Reuniting Fathers And Families After Incarceration
The number of people who are behind bars in America is much bigger than it was 40 years ago. In fact, it’s five times higher. That means a lot more parents are doing time, and having a record can limit people’s ability to get a job, find a place to live and provide for their kids. A local program is trying to help dads get around the obstacles and back on track with their families.
Adonijah and his sister Evelyn were clutching hundreds of those tickets games spit out when you win. We were standing in Dave and Buster’s—the loudest, blinkiest arcade I’d ever seen.
Thick snow covered the roads this morning, but hundreds of folks turned out to this free Christmas party hosted by PB&J, a nonprofit that provides a full spectrum of assistance for families, including parents who just got out of lockup.
I asked the kids what they were going to get with their tickets.
"I don’t know. I’m trying to save still," Adonijah said. Evelyn wanted a Teddy bear. Evelyn said she’s glad to be at this big Christmas shindig, together with her family. And that’s the goal.
Krystyna Ciszek, PB&J’s special events coordinator, had been greeting folks at the door all morning. Food’s on the right, she said, games are on the left. And you can play any game you want as much as you want.
"For the kids, it means the world" she said. "They get to have fun. They get to meet Santa Claus and Misses Claus. For the parents, it’s less stress for them. And they’re able to provide something special for their kids, where they normally might not be able to."
Joseph Shaw used a program for fathers at PB&J to break the cycle of drugs and jail. He said sometimes the desire to provide for your family is part of what compels parents to turn to crime. "That’s why you go back to that because you want to buy your kids clothes," he said. "Like, you want to be able to have money to take them out to eat or if they’re hungry. So that’s what makes you get that drive to do whatever it takes to provide for them even if it’s wrong."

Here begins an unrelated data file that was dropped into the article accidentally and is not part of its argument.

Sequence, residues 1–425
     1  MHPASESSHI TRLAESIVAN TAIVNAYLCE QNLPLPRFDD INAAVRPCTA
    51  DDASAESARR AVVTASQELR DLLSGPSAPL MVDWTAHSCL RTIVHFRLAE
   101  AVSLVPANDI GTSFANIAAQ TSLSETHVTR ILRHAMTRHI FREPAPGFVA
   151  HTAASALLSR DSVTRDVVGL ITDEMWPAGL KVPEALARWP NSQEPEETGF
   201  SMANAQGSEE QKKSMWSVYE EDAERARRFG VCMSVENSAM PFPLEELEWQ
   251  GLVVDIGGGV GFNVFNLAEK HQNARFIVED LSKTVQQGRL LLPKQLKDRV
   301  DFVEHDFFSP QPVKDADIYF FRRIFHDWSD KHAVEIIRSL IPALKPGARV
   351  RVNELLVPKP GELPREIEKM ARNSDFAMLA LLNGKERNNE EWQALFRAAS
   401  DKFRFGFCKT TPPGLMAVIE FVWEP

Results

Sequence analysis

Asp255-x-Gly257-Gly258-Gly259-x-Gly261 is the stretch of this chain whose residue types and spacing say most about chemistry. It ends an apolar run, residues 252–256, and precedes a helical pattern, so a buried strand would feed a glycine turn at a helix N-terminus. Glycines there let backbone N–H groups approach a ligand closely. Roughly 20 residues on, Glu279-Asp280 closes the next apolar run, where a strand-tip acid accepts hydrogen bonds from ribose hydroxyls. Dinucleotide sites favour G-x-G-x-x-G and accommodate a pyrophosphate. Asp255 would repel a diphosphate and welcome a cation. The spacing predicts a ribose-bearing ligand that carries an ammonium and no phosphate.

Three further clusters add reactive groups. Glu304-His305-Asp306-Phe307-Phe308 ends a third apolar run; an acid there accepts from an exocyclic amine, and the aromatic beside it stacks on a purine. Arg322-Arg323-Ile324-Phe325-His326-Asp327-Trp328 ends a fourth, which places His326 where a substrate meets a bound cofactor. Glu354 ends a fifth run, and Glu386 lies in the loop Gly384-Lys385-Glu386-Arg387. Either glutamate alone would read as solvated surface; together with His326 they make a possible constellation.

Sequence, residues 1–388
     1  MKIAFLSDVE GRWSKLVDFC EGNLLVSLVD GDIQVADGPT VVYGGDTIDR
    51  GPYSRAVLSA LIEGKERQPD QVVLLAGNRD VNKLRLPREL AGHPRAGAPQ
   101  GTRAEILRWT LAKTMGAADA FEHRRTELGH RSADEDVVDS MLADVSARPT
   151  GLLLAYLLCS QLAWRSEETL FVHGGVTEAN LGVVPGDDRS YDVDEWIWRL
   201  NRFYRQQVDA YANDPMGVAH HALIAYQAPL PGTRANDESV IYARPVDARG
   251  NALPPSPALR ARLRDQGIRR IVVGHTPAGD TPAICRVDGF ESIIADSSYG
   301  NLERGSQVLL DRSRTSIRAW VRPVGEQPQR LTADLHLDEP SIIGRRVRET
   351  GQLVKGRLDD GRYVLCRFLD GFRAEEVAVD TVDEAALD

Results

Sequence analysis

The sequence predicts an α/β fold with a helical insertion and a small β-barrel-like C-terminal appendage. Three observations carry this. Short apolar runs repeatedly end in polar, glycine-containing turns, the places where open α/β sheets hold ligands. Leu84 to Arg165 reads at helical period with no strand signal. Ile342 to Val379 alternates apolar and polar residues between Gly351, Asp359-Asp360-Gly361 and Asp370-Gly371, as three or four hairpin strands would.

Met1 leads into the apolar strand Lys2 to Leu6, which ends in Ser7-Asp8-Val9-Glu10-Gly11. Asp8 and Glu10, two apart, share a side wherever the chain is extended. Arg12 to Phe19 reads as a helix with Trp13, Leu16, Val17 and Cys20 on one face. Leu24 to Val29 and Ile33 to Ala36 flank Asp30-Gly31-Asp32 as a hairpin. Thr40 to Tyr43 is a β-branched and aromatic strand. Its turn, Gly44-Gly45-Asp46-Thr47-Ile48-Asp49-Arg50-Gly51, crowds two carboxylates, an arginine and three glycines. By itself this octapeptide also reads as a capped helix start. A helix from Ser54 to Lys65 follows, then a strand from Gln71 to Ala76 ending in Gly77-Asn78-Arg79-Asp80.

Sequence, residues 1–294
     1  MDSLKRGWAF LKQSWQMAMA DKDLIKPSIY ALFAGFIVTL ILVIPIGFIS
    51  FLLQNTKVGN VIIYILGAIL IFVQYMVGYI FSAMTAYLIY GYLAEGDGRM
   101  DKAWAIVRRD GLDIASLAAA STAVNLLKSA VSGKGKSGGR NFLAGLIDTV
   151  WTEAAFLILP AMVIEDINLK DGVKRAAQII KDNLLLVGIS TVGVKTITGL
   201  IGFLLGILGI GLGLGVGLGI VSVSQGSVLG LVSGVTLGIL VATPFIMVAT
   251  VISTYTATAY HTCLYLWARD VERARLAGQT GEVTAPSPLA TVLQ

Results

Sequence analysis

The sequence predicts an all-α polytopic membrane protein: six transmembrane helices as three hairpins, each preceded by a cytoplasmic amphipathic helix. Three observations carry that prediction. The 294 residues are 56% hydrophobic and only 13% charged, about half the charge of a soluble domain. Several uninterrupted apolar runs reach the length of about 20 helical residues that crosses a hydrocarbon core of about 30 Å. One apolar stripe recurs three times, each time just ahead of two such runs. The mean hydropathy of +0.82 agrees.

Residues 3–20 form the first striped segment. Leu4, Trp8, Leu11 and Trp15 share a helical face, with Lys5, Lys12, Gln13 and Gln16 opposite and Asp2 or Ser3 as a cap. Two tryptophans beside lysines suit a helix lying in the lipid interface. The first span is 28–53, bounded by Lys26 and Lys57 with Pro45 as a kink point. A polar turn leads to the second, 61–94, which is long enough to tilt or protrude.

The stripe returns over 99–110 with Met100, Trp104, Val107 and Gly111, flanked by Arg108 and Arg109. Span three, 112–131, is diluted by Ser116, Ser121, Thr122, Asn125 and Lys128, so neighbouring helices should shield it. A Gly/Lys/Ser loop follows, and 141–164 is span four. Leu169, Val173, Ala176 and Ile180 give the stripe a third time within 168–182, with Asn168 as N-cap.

It was around the holidays in 2012 when Shaw left jail after several rounds in and out on drug-related charges and linked up with PB&J. He says getting back into the swing of things can be rough. "So incarceration is real structure. You know when you eat. You know when you sleep. You know when your laundry comes. You know when you make your bed," he said. "The transition back into society can get a little stressful."
Erika Croft said it’s hard to re-learn how to function outside of jail. She used to be a parent re-entry specialist for PB&J’s program for dads. It’s called Fathers Building Futures. "When you’re dealing with somebody that comes from an incarceration environment, they have to present a certain way, mainly for survival," she said. "They have to be a different personality. They have to follow a different set of codes. It’s like a subculture when they’re incarcerated."
But even beyond that, Croft said, it’s hard to get hired, or to find someone who will rent to you—especially housing that’s not back in the same old neighborhoods where you got in trouble. And, she said, ex-offenders often don’t have family support to help them get back on their feet. "They don’t have the social networks that we take for granted," she said. "We don’t have, 'Oh I can call my dad and get help with the rent.' Because if you also think about it, a lot of these peoples’ families are sharing the same economic burdens they are."
Fathers Building Futures hooks dads up with a job—20 hours a week in carpentry or car detailing for minimum wage. When people buy their wooden cutting boards or bring their wheels by for a scrub or a shine, the funding goes back into the program.
Still, Croft said, the trick is trying to figure out how fathers can best acknowledge their past as they try to move forward. "We coach them in how do they address that one question. 'Well, I see that you’ve had these convictions.' Well, there’s no other explanation than I’ve made some mistakes. I’m doing these things to recover from it. I’m trying so that way I can get back to a relatively normal life."
Today, Joseph Shaw is the woodshop supervisor at PB&J. He’s been clean for four years and had steady employment for three. He says he wakes up every day thinking about how to see the Fathers Building Futures program grow and make sure other men have a place to land. He also has a wife and two kids that he can support now, a daughter age 2, and a son age 11.
"It means the world to me," he said. "This was the first year I ever got to buy my son school supplies. Now that I am able to be what I was created to be, it feels good. Like there is no other better feeling in the world."
Shaw said knowing that his family has what it needs is everything.